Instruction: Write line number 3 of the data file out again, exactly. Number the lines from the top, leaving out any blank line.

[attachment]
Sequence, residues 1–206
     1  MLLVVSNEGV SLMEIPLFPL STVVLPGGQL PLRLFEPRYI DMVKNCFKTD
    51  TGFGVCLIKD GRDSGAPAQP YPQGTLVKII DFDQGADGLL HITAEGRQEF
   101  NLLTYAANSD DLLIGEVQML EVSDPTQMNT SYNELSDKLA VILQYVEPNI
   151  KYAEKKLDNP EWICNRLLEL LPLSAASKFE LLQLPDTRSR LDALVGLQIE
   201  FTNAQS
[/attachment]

    51  TGFGVCLIKD GRDSGAPAQP YPQGTLVKII DFDQGADGLL HITAEGRQEF